COVID radically changed the business world. Which changes are likely to last?
Returning to the office won’t be a smooth transition for everyone. Here’s how to make it easier.
The potted plants are dead and the office fridge has become a science experiment. Many white-collar workers were fortunate to work from home during the pandemic, safely away from colleagues and their droplets. Now, nearly 18 months after saying goodbye to cubicle life, many of us are trickling back to the office. Although the rampaging spread of the delta variant has delayed the return of workers at some large companies, including Amazon, Google and Lyft, others, such as J.P. Morgan Chase and Goldman Sachs, are proceeding with office reentry as planned. It hasn’t been a joyful reunion for everyone, and not just because it has meant finding the ossified remains of the banana we left on our desk in March 2020.
I returned in July, with mixed emotions, to the Rice University campus, where I edit the alumni magazine for Rice’s Jones Graduate School of Business. On the one hand, the 1,000-square-foot house I share with my partner and our 18-pound cat has felt increasingly cramped with the three of us always in it, especially when one of us yowls for attention and pukes on the rug. So I was looking forward to coming back to an actual workspace with limited yowling.
But there were drawbacks. Out of practice, I took forever to get ready for work. The commute felt interminable. And as my colleagues and I soon discovered, nearly all of the office electronics had inexplicably broken down during our absence. The printer wouldn’t print; the fridge wouldn’t refrigerate. I found myself missing the comforts of home. And my cat.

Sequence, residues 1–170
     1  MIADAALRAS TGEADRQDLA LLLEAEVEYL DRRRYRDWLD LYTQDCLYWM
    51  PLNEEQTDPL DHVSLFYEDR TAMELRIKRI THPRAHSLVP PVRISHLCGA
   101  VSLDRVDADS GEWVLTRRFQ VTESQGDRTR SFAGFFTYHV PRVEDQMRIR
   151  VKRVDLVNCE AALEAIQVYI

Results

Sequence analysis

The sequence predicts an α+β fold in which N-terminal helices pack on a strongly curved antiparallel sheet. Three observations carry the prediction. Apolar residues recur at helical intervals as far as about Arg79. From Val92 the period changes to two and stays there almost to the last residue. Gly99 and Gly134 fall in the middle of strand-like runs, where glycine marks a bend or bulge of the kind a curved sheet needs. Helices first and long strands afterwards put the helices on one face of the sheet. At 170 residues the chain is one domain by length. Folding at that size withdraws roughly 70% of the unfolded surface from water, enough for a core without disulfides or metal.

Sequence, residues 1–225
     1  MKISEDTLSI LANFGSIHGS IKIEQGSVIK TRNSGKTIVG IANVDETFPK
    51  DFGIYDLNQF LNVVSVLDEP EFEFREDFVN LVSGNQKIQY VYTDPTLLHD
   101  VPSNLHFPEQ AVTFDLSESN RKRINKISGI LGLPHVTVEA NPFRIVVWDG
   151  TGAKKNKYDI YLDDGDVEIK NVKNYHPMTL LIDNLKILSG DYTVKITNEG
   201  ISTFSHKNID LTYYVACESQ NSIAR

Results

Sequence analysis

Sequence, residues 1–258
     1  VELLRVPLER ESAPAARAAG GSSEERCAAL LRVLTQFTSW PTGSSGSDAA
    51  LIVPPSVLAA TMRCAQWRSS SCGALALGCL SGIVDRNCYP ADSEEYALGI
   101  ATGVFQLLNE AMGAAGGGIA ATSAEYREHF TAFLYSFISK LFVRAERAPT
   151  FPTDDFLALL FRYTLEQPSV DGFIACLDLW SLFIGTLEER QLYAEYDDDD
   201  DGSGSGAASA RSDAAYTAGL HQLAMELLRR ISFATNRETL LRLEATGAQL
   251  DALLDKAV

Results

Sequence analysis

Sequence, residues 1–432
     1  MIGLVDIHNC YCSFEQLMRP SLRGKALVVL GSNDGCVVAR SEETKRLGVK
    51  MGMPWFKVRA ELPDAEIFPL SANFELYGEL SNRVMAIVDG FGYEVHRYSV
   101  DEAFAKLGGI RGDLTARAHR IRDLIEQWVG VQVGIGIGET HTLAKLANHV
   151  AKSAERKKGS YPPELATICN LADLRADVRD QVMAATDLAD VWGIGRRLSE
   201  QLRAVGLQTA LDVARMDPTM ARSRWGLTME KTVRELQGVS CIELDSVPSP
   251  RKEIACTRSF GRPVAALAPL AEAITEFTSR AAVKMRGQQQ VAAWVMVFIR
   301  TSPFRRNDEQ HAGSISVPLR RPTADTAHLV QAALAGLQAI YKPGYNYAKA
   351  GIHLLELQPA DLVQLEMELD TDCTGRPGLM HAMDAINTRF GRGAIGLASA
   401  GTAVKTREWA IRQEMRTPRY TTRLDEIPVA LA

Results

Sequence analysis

Experts say I’m not alone in having reservations about returning to the office. For some, remote work provided perks they don’t want to give up. For others, a year of working from home was a slog, and they’re burned out. For all of us, the COVID-19 pandemic was a traumatic experience, and it will take time to get back to “normal” — which may never look the same. So how can managers better manage the return to in-person work for employees who may not be thrilled to be back?
First, acknowledge that this is a tough time — for everyone. Psychologists know that periods of transition are the most stressful moments of our lives. “Change is hard,” says Mikki Hebl, a professor of psychology and management at Rice’s Jones Graduate School of Business. The pandemic has upended all of our lives, whether or not we or our loved ones got sick, due to isolation, lost jobs, food insecurity or just plain uncertainty.
At the same time, we’ve also gone through what Hebl calls a racism pandemic, with high-profile acts of violence against Black and Asian Americans. “The effects are certainly worse for Blacks and Asians, but research suggests members of every racial group have heightened stress regarding racial tensions,” she says.
The twin pandemics combined have taxed the mental health and coping skills of all Americans. “When that happens, people start acting defensively and in their own self-interest,” Hebl says. “A smart manager will, first, understand the problem; second, address it; and third, give space for conversation and coming together.”
Don’t assume you know what your employees are going through — or that their anxieties are the same as yours. For example, a new survey from Project Include, a nonprofit that advocates for diversity and inclusion in the technology industry, revealed that workplace harassment paradoxically increased while people were working from home during the pandemic. More than a quarter of respondents experienced more gender-based harassment and 10 percent experienced more race-based harassment while working remotely.
Ellen Pao, Project Include’s CEO, said the survey’s results show how deeply rooted discrimination has been in our workplaces since long before the pandemic struck. “There was a lot of sexism, transphobia, xenophobia and all sorts of systemic bias in the tech sector, in business sectors generally, and in individual companies. COVID made it worse — COVID didn’t magically solve those problems,” Pao said in an interview with Charter, a media and services company focused on the future of work. “The big learning we had is people will harass people and be hostile to people no matter what the environment. They will find a way.”